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Variation of EM radiation with frequency

  1. May 18, 2017 #1
    1. The problem statement, all variables and given/known data
    X-ray pulses, visible-light pulses, and radio pulses (the latter corrected for dispersion in the interstellar plasma) emitted by an astronomical object called a “pulsar” are all observed to arrive simultaneously at the Earth — with an uncertainty of only 200 microseconds. The particular pulsar in question is located at a distance from the Earth of 6000 light years. Use this information to make a quantitative estimate of how much the speed of electromagnetic radiation can vary with frequency (or wavelength). Express your answer as a limit on the fractional difference in speed over this wide range of electromagnetic frequencies.

    2. Relevant equations
    The speed of light in vacuum is given by$$ c=\frac 1 {\sqrt{μ_ο ε_ο}} ,\tag{1}$$

    and c=λϒ , where λ is the wavelength and ϒ is the frequency.

    3. The attempt at a solution
    The speed of electromagnetic radiation in vacuum is given by (1) and so it is constant. Then how can speed of electromagnetic radiation vary with frequency (or wavelength)?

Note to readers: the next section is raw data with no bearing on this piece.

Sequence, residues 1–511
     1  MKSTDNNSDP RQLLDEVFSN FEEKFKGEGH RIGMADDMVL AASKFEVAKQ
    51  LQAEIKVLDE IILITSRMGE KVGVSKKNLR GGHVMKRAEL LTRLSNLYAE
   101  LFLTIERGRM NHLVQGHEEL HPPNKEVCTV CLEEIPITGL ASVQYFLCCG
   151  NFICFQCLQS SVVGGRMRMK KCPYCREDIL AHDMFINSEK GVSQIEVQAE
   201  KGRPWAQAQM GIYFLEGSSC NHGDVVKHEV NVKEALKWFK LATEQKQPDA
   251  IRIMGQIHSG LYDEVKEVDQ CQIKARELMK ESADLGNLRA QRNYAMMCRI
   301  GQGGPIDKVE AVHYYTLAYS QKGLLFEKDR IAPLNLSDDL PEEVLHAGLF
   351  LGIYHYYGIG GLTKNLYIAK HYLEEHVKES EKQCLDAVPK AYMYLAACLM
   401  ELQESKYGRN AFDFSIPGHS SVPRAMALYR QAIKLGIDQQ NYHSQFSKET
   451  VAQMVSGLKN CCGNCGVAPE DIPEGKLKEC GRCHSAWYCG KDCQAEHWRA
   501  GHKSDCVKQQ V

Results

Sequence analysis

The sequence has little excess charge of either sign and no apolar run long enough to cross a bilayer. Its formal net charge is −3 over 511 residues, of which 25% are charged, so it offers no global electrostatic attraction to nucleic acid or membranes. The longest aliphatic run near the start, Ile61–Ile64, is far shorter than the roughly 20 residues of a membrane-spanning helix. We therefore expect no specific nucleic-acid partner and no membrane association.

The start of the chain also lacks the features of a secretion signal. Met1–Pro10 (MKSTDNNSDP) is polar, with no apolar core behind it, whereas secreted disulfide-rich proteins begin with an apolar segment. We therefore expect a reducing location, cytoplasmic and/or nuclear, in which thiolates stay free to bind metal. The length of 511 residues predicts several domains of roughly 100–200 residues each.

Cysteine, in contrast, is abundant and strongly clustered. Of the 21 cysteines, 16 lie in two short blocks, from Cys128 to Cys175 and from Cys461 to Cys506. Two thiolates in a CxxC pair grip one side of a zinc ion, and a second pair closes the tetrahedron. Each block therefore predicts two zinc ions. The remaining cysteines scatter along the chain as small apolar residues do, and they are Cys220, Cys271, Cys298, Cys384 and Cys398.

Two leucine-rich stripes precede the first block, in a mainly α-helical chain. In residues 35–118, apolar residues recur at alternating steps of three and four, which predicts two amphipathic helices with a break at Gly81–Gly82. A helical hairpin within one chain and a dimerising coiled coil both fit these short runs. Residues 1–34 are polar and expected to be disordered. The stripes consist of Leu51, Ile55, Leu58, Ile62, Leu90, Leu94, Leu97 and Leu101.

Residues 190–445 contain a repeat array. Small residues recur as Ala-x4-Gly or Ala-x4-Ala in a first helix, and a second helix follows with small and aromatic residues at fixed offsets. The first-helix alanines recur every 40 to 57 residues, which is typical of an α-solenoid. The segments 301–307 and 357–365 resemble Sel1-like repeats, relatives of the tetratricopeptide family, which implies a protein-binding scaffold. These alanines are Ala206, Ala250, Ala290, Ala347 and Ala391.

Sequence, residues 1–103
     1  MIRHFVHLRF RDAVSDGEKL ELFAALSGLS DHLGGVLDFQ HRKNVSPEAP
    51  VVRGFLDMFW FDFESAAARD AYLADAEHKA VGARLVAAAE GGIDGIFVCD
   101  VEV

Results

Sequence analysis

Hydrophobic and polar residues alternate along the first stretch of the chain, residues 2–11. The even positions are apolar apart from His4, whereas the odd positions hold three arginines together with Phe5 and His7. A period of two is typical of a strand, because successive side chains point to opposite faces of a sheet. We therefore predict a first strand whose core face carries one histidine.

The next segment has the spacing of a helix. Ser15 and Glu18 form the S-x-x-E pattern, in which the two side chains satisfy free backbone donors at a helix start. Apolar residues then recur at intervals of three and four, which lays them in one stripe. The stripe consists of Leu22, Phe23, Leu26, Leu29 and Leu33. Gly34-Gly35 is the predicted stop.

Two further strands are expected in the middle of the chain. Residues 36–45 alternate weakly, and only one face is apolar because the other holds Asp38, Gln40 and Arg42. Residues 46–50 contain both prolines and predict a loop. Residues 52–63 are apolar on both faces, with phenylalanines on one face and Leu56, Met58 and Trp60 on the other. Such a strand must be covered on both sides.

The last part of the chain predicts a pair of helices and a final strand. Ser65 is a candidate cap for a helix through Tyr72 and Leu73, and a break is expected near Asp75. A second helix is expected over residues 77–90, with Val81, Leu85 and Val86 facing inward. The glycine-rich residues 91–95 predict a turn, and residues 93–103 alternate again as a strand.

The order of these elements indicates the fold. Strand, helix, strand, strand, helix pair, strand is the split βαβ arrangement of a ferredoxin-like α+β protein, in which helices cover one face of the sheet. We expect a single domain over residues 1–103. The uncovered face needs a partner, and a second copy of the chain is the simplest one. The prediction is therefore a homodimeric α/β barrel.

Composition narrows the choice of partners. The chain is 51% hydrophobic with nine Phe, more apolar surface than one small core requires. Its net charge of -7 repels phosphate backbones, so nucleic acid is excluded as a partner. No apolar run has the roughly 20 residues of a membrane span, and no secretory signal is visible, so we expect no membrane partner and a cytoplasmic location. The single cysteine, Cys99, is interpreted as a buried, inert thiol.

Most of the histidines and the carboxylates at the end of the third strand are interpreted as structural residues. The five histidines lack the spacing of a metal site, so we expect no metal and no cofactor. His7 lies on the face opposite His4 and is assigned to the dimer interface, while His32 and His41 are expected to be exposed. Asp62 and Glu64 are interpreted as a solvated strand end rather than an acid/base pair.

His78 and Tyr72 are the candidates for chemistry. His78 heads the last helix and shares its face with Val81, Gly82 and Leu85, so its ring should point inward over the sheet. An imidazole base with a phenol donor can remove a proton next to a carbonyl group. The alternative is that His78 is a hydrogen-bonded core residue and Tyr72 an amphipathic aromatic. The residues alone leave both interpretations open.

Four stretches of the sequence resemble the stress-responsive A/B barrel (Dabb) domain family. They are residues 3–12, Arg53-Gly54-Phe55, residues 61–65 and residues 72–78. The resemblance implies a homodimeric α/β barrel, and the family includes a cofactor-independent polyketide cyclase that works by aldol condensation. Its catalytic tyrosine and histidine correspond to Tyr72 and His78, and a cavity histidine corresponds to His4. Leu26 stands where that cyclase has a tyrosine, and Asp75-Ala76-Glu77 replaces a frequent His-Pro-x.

I didn't get the question. Will you please clarify it?
     
  2. jcsd
  3. May 18, 2017 #2

    BvU

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    Suppose you claim it's not and want to investigate how much it can vary on the basis of the given 200 ##\mu##s in 6000 year. What's the maximum relative variation allowed by these constraints ?
     
  4. May 18, 2017 #3

    scottdave

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    You could look at it like this. One wave is received with an uncertainty of +- 200 microseconds. A different measured wave is recorded as the same time, but it also has uncertainty of +-200 microseconds. So you have a potential difference of 400 microseconds between the slowest and fastest wave. This is the way that I interpret the problem statement.
     
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